The employee or program participant must be promptly notified of the outcome of their accommodations request after the interactive process has been completed and all necessary documentation is reviewed. Information obtained by the employer regarding the medical condition or history of the applicant or employee must be maintained on separate forms and in separate files from the personnel record. This information is treated as a confidential medical record and shall only be disclosed to supervisors or managers that are related to the accommodation, first aid and safety personnel, when appropriate (e.g., emergency medical treatment is required) and government officials investigating compliance with the ADA.
Any person who alleges discrimination on the basis of disability, including alleged failure to accommodate, in the provision of employment, services, activities, programs or benefits by DHMH may file a complaint with OEOP. All complaints or suspicions of potential discrimination, harassment or retaliation will be promptly investigated.
Internal complaints may be filed in writing or by contacting the DHMH Equal Access Compliance Manager. Complaints filed with OEOP, must be filed no later than 30 calendar days after the alleged violation, by contacting:
Equal Access Compliance Manager
Department of Health and Mental Hygiene
Office of Equal Opportunity Programs | Equal Access Compliance Unit
201 W. Preston Street, Room 514B | Baltimore, MD 21201
Office: (410) 767-5184 | Fax: (410) 333-5337
Within 15 calendar days of receipt of the complaint, the complainant will be contacted to discuss the complaint and possible informal resolutions, including mediation. Within 15 days after the discussion or 30 days after the complaint has been filed, the DHMH Equal Access Compliance Manager will notify the complainant of the Department’s decision or will request an extension pending further need for investigation. The Equal Access Compliance Manager will make every attempt to resolve the complaint as soon as possible.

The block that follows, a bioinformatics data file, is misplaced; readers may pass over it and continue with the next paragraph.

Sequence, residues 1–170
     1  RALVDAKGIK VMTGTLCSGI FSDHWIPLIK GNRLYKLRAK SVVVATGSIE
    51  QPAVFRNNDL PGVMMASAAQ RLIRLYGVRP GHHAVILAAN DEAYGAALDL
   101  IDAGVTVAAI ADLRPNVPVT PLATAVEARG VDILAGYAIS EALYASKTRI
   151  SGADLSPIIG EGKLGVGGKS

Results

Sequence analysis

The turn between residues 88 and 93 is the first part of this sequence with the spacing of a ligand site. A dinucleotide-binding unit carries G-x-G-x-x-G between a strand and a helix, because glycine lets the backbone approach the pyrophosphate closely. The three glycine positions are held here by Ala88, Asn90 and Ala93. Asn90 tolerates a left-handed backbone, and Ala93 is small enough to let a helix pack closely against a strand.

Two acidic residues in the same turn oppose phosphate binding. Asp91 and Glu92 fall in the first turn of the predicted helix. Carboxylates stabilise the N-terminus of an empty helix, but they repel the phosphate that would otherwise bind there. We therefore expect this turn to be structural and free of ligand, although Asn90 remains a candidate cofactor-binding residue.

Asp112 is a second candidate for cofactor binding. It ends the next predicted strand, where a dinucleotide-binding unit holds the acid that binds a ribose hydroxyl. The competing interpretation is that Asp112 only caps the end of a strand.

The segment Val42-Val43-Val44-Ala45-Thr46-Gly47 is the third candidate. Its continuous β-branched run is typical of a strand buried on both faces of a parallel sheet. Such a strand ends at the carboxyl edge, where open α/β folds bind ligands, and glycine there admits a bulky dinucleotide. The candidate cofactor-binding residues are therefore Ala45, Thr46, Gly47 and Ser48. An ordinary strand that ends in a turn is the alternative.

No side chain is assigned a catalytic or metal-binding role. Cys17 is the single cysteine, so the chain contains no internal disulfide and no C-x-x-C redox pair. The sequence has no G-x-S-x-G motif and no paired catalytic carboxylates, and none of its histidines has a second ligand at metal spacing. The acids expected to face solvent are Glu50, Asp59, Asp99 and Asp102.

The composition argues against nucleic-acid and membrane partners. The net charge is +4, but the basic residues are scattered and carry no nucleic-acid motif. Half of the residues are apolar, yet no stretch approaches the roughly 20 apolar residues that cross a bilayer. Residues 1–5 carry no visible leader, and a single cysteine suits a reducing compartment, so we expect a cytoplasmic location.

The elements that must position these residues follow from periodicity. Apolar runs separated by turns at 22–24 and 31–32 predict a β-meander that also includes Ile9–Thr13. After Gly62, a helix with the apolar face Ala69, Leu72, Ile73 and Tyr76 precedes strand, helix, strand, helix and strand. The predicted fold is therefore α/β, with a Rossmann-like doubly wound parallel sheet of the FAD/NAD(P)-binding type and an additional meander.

Parties may also file an external complaint with the Maryland Commission on Civil Rights, 6 St. Paul Street, Suite 900, Baltimore, Maryland 21202, 410-767-8600 (Phone), 410-333-1841 (Fax), within 180 days of the alleged violation or the Equal Employment Opportunity Commission, 10 South Howard Street, Baltimore, Maryland, 21202, 1-800-669-4000 (Phone), 410-962-4270 (Fax) within 300 days of the alleged violation.
As an alternative to contacting the Maryland Commission on Civil Rights, a program participant may file with U.S. Department of Health & Human Services, Office of Civil Rights, 150 South Independence Mall, Suite 372, Philadelphia, Pennsylvania 19106, 1- 800-368-1019 (Phone), 215-861-4431 (Fax) Website: http://www.hhs.gov/ocr/civilrights/complaints/index.html within 180 of the alleged violation.
Complaints may be filed with any one of the external agencies and OEOP simultaneously.
Pursuant to the Annotated Code of Maryland, State Personnel and Pensions §5-214 Information obtained as part of an investigation conducted under this subtitle is confidential within the meaning of Title 10, Subtitle 6 of the State Government Article.
It is unlawful to retaliate against individuals for opposing an alleged discriminatory activity or participating in the investigation of an alleged violation of discrimination. Any employee found to have violated Federal or State laws prohibiting retaliation may be subject to disciplinary action that includes, but is not limited to reprimand, demotion, suspension or dismissal.